Glasgow Waterfront Museum peter's travEls

Glasgow has a number of fine museums, a good transit system and a beautiful, pedestrian-oriented downtown with lots of good food to eat. We were in town just for the day, as we had to catch a plane back to Canada in the morning. We chose to visit the Waterfront Museum mainly because it promised a good collection of transportation artifacts. It sits on the edge of the River Clyde, on the site of a former shipyard where some of the great ocean liners of the past were built. The slips where the Queen Mary and Queen Elizabeth were built for Cunard in the 1930's are just to the south. The city's beautiful Science Centre, with its stunning tower is just across the river, and to the north, the great gantry crane remains as one of the few visible reminders of the shipyards.

The museum's many peaked roof evokes either the shipyard sheds of the past, or waves of water on the sea. Take your pick.

On entering the museum, you are confronted with so many cars, trucks, bicycles, trams, and locomotIves that you don't know where to look first. There's even a 40 ton locomotive perched at the edge of the balcony. You'd think it cluttered, but one your eyes settle down, it is quite a spacious hall, with very good interpretive displays.

As you move into the building more halls appear around corners, and there's even a second floor, where you can see what is purported to be the world's oldest bicycle. The second floor is a good vantage point to observe the undulating ramp on which cars climb the walls of the main hall, bicycles seem to fly through an arc of time, and a fire truck extends its ladder to the ceiling. They even have the world's second oldest Rolls Royce automobile.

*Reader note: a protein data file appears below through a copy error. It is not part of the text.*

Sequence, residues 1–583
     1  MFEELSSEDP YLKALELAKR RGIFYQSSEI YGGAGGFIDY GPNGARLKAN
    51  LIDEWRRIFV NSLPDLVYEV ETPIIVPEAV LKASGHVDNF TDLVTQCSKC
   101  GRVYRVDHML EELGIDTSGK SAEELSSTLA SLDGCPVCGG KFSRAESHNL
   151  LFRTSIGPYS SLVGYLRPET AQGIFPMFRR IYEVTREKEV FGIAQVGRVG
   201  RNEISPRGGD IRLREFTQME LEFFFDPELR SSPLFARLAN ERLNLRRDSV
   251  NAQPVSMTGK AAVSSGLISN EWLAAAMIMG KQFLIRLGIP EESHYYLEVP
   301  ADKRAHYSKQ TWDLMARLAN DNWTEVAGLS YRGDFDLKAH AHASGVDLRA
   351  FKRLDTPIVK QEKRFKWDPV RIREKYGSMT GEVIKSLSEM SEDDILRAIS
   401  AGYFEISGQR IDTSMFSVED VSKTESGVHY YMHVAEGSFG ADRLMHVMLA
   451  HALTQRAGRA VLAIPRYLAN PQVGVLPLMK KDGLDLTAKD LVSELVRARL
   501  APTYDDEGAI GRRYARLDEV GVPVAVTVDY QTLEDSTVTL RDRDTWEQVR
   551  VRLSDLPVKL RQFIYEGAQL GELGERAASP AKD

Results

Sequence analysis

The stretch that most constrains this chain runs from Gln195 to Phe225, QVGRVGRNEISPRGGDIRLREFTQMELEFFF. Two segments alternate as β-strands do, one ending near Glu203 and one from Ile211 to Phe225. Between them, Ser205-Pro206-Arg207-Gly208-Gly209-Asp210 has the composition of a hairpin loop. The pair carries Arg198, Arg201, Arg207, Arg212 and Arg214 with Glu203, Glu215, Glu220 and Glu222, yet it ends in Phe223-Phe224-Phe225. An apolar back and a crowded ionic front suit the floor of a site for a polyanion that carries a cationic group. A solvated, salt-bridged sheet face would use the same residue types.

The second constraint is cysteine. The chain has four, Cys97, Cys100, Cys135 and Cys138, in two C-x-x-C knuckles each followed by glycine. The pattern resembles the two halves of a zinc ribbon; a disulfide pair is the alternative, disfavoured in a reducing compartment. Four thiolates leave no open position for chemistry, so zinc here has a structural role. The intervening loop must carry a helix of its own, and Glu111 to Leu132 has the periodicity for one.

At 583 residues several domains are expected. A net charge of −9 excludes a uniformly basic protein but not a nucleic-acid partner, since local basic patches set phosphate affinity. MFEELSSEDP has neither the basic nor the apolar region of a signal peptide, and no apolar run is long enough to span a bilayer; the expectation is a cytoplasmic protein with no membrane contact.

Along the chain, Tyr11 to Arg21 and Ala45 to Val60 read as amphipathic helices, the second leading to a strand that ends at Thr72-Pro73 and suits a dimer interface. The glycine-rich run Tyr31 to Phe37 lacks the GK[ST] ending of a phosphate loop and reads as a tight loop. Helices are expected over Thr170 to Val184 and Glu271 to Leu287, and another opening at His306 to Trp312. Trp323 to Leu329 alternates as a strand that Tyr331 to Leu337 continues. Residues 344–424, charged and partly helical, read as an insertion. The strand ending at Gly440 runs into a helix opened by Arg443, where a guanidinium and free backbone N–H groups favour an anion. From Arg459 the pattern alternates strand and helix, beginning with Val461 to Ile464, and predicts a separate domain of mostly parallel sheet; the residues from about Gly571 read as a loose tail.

The exhibits of bicycles suspended on a track on the ceiling give the museum a modern, surreal feeling.

There is a turn of the 20th century streetscape, complete with double decked trolley car on curved tracks, and stores stuffed with period goods. .

There is even a replica of one of Glasgow's early tube (subway) stations, complete with a train

This ornate coach would have given classy ride under the streets of Glasgow.

The history of the motorcycle undulates on four tiers near the tube station.

This 1905 Rolls Royce is the second oldest in the world.

This motorcycle and sidecar evokes the movie "Cars" for some reason.

Out the back, moored on the river there is a tall ship on display. The Glenlea is a three masted barque built in 1896 for Glasgow owners. It has three decks you can visit. Children seem to love it.

The museum is much larger than we had thought and we didn't give ourselves enough time to fully experience it before closing time.

Hours and ticket costs are available on their home page.

As we wander the world looking for artifacts, collections, and scenery to photograph, we like to share our experiences. If you liked this one, you'll love our entire series of travel blogs. Check out our web page: www.artifactphoto.ca and look for "Peter's Travels" for our continuing adventures.

Copywrite for this document and all images are owned by Peter S. Cramp of Artifact Photography (a division of 1350286 Ontario Inc.). All rights reserved.

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